Initial LonghornDigest.com Texas Top 50 Rank: No. 8
I ranked Perkins lower than most because, while he's a heck of a player, I didn't necessarily see him as a left tackle, which lowered his value. And I still see him as a much more natural right, the more film I watch, the more I think he could play on the left if needed. Furthermore, he has the chance to be an elite right tackle, somebody capable of dominating in the running game. Just as Darius James received credit for being an elite prospect at a non-premium position (center), so Perkins should receive some due for the same thing at right tackle.
2) WR Robbie Rhodes, 6-0 185, Fort Worth Southwest
Rank: No. 24
I've always liked Rhodes, and it isn't exactly a diss to include somebody in the state's top-25. But here's the thing: the more I watch him, and the more I talk to people I trust who have seen him, the more I think Rhodes should be ranked even higher. Thomas Johnson was my No. 1 receiver in the state last year, as a difficult matchup because of his 6-foot size, speed and route running ability. Rhodes has all of that, except that his speed is more elite than Johnson's, running a 21.04 in the 100-meter dash. I do think that Johnson was a bit more polished, but Rhodes being at 24 is probably too low. He's more like a top-15 guy than a top-25 guy.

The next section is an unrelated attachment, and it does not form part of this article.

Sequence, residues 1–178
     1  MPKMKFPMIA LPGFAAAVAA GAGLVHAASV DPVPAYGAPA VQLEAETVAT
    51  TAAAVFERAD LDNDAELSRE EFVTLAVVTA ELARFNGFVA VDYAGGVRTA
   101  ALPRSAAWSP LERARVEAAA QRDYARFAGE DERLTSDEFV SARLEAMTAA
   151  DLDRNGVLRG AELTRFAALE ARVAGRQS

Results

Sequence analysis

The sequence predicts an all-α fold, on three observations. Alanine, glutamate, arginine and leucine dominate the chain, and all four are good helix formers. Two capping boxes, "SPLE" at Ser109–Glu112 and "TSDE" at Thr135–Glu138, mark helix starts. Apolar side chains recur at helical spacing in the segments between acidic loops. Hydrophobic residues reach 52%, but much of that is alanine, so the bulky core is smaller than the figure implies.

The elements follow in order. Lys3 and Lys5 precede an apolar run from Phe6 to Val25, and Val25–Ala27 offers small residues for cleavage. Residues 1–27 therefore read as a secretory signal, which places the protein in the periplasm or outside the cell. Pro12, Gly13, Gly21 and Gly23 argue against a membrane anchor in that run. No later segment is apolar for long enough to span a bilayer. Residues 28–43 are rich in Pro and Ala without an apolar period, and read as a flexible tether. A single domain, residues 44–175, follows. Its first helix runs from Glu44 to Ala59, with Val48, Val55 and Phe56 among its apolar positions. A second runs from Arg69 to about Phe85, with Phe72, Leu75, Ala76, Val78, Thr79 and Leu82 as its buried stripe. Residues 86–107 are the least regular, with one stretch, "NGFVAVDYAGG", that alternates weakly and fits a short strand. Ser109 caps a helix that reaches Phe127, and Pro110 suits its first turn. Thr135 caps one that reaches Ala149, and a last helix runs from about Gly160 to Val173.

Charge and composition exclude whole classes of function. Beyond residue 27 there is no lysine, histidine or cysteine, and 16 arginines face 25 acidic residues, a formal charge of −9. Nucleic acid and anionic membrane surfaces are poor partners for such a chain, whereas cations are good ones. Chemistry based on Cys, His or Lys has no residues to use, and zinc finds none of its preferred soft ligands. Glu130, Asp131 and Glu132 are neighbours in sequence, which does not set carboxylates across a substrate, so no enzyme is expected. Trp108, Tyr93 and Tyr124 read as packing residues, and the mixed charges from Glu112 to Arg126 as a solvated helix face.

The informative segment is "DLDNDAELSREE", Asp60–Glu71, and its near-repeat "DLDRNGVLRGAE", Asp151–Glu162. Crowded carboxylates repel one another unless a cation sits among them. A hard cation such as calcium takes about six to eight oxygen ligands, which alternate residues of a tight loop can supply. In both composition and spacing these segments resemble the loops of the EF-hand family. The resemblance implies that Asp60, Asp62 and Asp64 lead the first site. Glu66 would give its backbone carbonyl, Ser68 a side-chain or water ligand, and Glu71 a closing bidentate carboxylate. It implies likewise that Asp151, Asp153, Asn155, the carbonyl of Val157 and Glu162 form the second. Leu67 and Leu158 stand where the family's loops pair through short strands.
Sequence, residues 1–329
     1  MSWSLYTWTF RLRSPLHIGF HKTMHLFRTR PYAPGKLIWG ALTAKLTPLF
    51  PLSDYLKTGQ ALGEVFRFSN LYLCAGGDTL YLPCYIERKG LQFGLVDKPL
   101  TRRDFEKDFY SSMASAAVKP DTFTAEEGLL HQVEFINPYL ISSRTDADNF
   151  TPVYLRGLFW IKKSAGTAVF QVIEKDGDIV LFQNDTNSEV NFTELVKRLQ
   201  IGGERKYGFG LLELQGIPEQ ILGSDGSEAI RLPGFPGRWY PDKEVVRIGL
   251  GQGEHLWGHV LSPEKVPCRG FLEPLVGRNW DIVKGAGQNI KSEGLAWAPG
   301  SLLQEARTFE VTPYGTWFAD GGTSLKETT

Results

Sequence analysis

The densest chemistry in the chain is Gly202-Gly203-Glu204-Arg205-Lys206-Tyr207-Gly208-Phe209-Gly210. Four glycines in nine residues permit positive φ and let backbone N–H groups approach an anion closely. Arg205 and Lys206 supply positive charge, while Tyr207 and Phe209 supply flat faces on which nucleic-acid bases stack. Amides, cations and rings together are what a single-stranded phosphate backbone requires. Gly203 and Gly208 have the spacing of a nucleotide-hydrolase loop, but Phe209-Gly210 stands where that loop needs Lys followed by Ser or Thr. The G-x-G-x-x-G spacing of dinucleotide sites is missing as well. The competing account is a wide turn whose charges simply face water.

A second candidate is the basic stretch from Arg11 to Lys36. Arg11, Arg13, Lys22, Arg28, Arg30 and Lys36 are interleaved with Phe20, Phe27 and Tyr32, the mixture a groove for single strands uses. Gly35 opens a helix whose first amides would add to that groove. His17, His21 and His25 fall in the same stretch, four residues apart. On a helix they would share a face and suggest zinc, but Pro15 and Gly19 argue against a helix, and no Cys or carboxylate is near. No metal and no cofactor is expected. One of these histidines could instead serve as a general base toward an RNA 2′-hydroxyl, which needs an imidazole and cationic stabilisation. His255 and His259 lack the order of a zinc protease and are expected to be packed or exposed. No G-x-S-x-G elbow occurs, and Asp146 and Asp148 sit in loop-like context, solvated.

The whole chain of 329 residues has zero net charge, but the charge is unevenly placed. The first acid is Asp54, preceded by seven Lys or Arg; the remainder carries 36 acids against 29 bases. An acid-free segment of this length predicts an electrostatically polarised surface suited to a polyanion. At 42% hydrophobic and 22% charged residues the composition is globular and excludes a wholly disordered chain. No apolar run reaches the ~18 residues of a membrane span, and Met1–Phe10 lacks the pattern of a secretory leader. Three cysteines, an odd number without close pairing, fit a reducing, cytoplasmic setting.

Rank: No. 32
No. 32 is too low for a defensive tackle as quick and active as Huggins is. Huggins has a great, long frame that is plenty capable of holding more weight, meaning that he could find the field as one of those 6-4 300 monstrously quick defensive tackles that the SEC is so used to deploying. Huggins is an outstanding one-gap penetrator who causes problems with his penetration. I still don't like him as much as the Aggies' top defensive tackle Isaiah Golden of Carthage, but I think that Huggins is probably a top-25ish type guy.
4) S Erik Huhn, 6-3 200, Cibolo Steele
Rank: No. 46
Call this one a crisis in familiarity. We were the first site to interview Huhn, back when he was coming off a major leg injury, and before any schools had contacted the safety. And while we were also ahead of the curve on ranking him as one of the state's best safeties, I probably didn't take it far enough. There are two kinds of familiarity. The first leads you to overrate someone, and the second is to underrate. This is a case of doing the latter. Huhn is likely the top safety in the state, and his post-spring ranking will reflect that.
5) WR Quincy Adeboyejo, 6-3 175, Cedar Hill (Texas A&M)
Rank: Not Ranked
For college coaches, the spring is about shuffling around to schools in their recruiting area to find players who have emerged since the end of the previous season. That describes Adeboyejo to a tee, who is getting rave reviews after catching just five passes a year ago. And it's that emergence — coupled with his skill set — that have drawn comparisons to former Cedar Hill and Kansas standout, and current Tampa Bay Buccaneer Dezmon Briscoe. That's high praise, but Adeboyejo also has more pure speed than Briscoe had, and he'll actually be playing for the same wide receivers coach, David Beaty, that coached Briscoe at Kansas.